March 3rd, 2012 by Charis Michelsen
When faced with the option of electricity from renewable sources such as solar or wind, one of the first objections is always the erratic nature of power generation – the sun and wind can’t be controlled or depended on to generate power at all times of day. There are solutions to this, and one solution is energy storage, but a better way to stabilize the power grid may be new solar inverter technology.
Germany’s Belectric – a global provider of solar power plants – has developed new central inverters that keep the grid around the power plant stable. While Germany has a swiftly growing share of renewable power (mainly solar and wind), its main problem with keeping its grid stable is not with a dearth of power, but rather with the inability to produce reactive power on demand.
Reactive power is needed to maintain voltage — if too much real power is fed into the grid, the voltage increases. The farther the power transmission goes, the more reactive power is needed to keep voltage steady and within the grid’s operational limits. In the south of Germany, where nuclear power plants have been shut down, the amount of reactive power produced has been decreased considerably.
Keeping It Together
The new central inverters can act as phase shift oscillators, which help keep the phases of power production and transmission in sync. When the phases are in rhythm, the grid is able to take up more power and better balance real power and reactive power. However, while large-scale power plants can use these inverters effectively, the units are just too expensive to manufacture for smaller arrays.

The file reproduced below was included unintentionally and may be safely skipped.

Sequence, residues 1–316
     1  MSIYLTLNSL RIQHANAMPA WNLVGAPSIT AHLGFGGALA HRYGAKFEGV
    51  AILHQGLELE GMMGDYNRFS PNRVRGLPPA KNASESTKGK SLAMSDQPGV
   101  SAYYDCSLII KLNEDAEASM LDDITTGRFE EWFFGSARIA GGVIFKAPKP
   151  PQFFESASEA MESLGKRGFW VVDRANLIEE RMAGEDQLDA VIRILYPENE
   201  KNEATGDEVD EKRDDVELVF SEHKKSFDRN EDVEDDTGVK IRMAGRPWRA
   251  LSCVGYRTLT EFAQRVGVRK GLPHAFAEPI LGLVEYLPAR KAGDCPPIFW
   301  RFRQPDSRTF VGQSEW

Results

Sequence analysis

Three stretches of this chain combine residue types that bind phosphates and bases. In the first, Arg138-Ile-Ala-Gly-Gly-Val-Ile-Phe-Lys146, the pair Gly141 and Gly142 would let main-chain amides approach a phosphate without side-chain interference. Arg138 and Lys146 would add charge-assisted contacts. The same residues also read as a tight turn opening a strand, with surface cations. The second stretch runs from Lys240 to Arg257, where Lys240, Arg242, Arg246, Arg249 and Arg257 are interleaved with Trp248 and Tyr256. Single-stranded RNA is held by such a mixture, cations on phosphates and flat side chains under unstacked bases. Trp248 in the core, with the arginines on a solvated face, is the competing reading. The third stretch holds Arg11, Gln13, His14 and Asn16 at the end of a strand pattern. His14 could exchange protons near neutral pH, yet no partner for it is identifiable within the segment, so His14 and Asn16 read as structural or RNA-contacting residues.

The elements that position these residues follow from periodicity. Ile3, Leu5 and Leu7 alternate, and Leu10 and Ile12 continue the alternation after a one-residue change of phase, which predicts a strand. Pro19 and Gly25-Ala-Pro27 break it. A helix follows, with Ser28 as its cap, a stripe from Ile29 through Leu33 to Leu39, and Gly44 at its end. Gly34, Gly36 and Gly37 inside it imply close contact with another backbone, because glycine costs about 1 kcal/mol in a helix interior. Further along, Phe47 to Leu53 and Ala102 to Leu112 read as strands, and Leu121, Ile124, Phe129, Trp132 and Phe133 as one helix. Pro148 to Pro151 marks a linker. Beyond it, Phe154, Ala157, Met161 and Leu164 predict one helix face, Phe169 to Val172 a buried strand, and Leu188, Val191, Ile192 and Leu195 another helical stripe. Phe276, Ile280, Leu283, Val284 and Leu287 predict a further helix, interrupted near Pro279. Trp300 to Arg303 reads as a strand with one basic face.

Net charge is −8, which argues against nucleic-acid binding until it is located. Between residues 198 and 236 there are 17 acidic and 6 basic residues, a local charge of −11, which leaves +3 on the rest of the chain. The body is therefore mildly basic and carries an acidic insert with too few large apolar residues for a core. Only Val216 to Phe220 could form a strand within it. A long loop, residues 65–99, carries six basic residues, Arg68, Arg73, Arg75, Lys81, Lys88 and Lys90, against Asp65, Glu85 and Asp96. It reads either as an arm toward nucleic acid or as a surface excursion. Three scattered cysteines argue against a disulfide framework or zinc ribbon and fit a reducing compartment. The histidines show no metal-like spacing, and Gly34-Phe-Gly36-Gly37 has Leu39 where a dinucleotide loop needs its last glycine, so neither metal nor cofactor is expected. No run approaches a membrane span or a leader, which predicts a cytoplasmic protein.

Bernhard Beck, head of Belectric, recently spoke to Renewables International about grid expansion and the role solar power plants could – and should – play:
“All technologies that produce power irregularly are a burden on the grid. With new central inverters, power plants with a capacity of 4 to 8 megawatts can help keep the regional grid stable. For the past year, we have been using inverters that even provide reactive power at night, which provides us with completely new ways of stabilizing the grid.
“Utility-scale solar can do the job. A solar farm with hundreds of megawatts can produce enough reactive power to offset the grid-stabilizing effect of a nuclear plant. Germany is currently talking about the cost of solar, but instead of focusing on reducing feed-in tariffs for solar, PV arrays should be required to help stabilize the grid. Ground-mounted arrays larger than 30 megawatts should be required to provide reactive power regardless of how much they are producing at the time. And only then should they receive the full tariff for ground-mounted PV.”
Questions or opinions? Let us know in the comments, below.
Source: Renewables International | Image: Wikimedia Commons
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